Friday, April 1, 2011

WSJ: Japan's Nuclear and Industrial Safety Agency - Nuclear Power, or Blackout

Even after the horrendous accident at Fukushima I Nuke Plant, a top official at Japan's Nuclear and Industrial Safety Agency says Japan has no choice but move forward with nuclear power plants; the alternative is blackouts.

For those of you who've been wondering what's the difference between Japan's Nuclear and Industrial Safety Agency and Nuclear Safety Commission. Even for many Japanese people, who are not aware that they are two different entities with very different attitudes toward nuclear energy.

The former, Nuclear and Industrial Safety Agency, is one of the agencies that belong to Ministry of Economy, Trade and Industry, which is an advocate and watchdog for just about every industry in Japan. The Agency is a strong advocate for the nuclear industry, and just like any other government agencies it is run by career bureaucrats, some with technical/science degrees but most with economics/finance/law/political science degrees.

The latter, Nuclear Safety Commission, is an adjunct to the Cabinet Office, and its commissioners are researchers and former professors from prominent institutions in nuclear research. The Commission "is charged with a range of missions including planning, deliberation and making decisions on regulations and policies related to nuclear safety as well as prevention of radiation hazards, based on expert knowledge on nuclear technologies and radiological protection" (from their statement), and advise the Prime Minister accordingly.

Here's a Wall Street Journal's article about the former, Nuclear and Industrial Safety Agency, from March 24, written by Norihiro Shirouzu. He wrote practically the same article in Japanese, though there were some interesting minor differences.

Shirouzu says that the Agency is an advocate for the industry, and hints that the rolling blackout that TEPCO started right after the earthquake in Tokyo metropolitan area may have been a way to send a message to the Japanese people: Without nuclear power, you are going to have blackouts.

Here's part of the article, which is based on the interview on March 23. (That information is not in the English article but in his Japanese article.)

From Wall Street Journal (emphasis added; 3/25/2011, Norihiro Shirouzu):

TOKYO—A top official at Japan's nuclear-safety regulatory agency sees no slowing in the country's campaign to expand atomic power, despite the battle to contain the world's worst nuclear crisis in 25 years, saying in an interview that the alternative is "blackouts."

"There aren't that many easy alternatives available for us," said Hidehiko Nishiyama, a former trade negotiator tapped to help deal with the Fukushima nuclear crisis, on Wednesday. "Japan couldn't go forward without nuclear power in order to meet its demand for energy today," he said. About 30% of Japan's electricity output comes from nuclear, and the government has set the goal of increasing that to 40% by 2020.

The 54-year-old career bureaucrat—who has emerged over the past two weeks as the public face of the government's efforts to calm a jittery global public—said industry is likely to face severe opposition to expanding reliance on nuclear power, especially as reports of the fallout intensify, with news Wednesday that Tokyo tap water had been contaminated.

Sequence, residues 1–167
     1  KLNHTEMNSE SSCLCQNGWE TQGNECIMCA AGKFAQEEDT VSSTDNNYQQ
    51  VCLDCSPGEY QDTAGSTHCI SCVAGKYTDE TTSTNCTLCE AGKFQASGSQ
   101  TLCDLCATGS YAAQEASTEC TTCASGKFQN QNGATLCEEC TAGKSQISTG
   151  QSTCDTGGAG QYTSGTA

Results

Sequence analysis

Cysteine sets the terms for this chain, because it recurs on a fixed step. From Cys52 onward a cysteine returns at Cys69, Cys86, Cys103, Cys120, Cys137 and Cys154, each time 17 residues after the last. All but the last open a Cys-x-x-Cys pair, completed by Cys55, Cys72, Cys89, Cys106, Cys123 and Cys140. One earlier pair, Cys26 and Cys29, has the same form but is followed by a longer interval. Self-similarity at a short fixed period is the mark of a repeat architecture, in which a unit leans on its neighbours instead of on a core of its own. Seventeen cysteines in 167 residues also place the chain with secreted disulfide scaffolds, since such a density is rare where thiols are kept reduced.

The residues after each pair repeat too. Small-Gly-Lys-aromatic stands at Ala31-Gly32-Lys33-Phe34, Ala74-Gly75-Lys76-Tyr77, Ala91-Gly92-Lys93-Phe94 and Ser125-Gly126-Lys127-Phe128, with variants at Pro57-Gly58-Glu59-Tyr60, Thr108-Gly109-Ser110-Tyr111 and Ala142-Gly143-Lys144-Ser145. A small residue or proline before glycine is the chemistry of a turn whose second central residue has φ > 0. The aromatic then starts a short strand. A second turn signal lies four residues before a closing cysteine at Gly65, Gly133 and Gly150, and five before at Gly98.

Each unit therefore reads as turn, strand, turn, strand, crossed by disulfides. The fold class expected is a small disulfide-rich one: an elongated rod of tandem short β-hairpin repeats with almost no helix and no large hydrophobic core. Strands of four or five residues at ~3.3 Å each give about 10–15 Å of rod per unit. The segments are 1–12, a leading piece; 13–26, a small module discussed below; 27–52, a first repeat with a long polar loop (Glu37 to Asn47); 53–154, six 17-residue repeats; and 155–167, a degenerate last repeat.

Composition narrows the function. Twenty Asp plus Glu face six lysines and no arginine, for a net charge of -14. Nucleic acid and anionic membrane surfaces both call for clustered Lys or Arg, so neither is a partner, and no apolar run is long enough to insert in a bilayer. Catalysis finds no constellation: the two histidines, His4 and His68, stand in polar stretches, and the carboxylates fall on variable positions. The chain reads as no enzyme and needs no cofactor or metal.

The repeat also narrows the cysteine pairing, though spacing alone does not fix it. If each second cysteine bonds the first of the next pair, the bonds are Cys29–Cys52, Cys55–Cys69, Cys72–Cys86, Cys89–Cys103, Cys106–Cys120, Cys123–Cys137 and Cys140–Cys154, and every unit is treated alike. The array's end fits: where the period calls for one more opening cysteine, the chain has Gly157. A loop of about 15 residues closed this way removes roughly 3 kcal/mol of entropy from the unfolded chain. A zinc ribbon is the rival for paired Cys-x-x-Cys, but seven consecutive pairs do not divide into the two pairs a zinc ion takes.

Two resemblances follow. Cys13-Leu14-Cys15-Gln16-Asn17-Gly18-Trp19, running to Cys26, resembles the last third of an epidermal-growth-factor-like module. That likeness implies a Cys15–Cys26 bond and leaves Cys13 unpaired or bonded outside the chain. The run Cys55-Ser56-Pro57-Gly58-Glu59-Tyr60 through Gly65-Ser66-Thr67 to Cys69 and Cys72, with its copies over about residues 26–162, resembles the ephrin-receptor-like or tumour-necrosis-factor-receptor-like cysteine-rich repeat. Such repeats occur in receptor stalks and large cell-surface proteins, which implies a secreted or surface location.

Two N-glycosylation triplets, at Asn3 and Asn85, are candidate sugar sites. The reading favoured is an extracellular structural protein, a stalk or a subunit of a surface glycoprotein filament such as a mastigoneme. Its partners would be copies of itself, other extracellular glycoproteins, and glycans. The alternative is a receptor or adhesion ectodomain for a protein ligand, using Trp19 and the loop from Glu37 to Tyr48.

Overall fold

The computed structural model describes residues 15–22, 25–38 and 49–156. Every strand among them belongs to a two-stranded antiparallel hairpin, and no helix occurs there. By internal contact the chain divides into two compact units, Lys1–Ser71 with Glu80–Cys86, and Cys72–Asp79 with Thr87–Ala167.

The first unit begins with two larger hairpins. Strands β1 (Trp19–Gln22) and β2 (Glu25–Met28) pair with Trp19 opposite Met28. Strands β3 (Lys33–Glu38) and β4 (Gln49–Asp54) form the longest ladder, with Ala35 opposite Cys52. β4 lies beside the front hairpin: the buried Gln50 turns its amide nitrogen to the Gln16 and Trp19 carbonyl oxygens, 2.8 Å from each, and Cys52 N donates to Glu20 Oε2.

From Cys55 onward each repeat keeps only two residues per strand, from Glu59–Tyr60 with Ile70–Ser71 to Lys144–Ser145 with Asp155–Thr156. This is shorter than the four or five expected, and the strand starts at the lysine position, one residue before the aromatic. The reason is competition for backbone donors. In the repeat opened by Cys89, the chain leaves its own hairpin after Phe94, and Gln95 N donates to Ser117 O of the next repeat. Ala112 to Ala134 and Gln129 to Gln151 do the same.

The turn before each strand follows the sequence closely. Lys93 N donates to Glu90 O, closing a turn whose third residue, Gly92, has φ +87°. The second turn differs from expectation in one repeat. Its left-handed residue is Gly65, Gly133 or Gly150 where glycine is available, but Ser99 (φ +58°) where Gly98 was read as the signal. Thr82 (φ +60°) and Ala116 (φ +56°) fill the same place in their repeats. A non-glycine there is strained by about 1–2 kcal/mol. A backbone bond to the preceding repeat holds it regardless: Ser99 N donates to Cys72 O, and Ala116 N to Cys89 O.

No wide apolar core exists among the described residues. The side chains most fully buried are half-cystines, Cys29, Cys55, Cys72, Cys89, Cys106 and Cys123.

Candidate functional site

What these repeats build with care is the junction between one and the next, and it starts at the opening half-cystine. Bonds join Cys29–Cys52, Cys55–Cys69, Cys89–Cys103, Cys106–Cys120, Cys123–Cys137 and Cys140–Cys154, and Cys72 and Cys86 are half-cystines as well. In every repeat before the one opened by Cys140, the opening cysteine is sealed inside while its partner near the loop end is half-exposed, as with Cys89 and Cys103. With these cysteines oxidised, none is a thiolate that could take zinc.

But a significant curb in nuclear power would mean rampant blackouts, he warned. "I don't think anyone could imagine life without electricity," Mr. Nishiyama said in the 40-minute session. "Realistically, we need to come up with nuclear power stations that could withstand severe accidents," such as the earthquake and tsunami that threw the Fukushima Daiichi plant in northeastern Japan into a crisis. He said Japan and its nuclear-power industry need to find a solution to make reactors' backup power and cooling systems more resilient to such events.

That view mirrors Mr. Nishiyama's position as a top official in a bureaucracy —a director-general at Japan's Ministry of Economy, Trade and Industry—that both regulates and promotes the nuclear-power industry.

The trade ministry, known as METI, has in recent months been revving up a push to help Japanese power companies win deals to build nuclear reactors abroad, as part of a larger effort to market Japan's "infrastructure technologies," such as nuclear energy and high-speed trains, aggressively overseas.

Mr. Nishiyama said Wednesday his agency—Japan Nuclear and Industrial Safety Agency—"remains steadfastly independent" from the larger trade and industry ministry. He said Japan, as a country, has made sure of NISA's independence by setting up a second agency attached to the cabinet named the Nuclear Safety Commission.

NISA's independence from METI and the nuclear industry is just as steadfast as the Federal Reserve's independence from the US government and Wall Street.

The bureaucrat is openly blackmailing the Japanese. Accept the nuclear power plants that are "safe" by his Agency's standard, or suffer power blackouts.

This Fukushima I Nuke Plant accident (which by the way TEPCO and the Agency continue to refer as "event" or Jisho in Japanese) must have been a divine event to drive that message home. And TEPCO did such a haphazard, disastrous rolling blackout, which is taking a break for a few days.

There are many Japanese who are indeed cowered into accepting his premise - without nuclear power plants, they will have blackouts, and they will die of heat in the middle of summer or of cold in the dead of winter.

But more and more people are finally saying enough is enough, even if they are rather harshly criticized by pro-nuke people in Japan (split was about 50-50, even after the accident).

Nuclear and Industrial Safety Agency's job is to make sure things are safe, for the industry.


rosethorn said...

Geothermal can replace nuclear.

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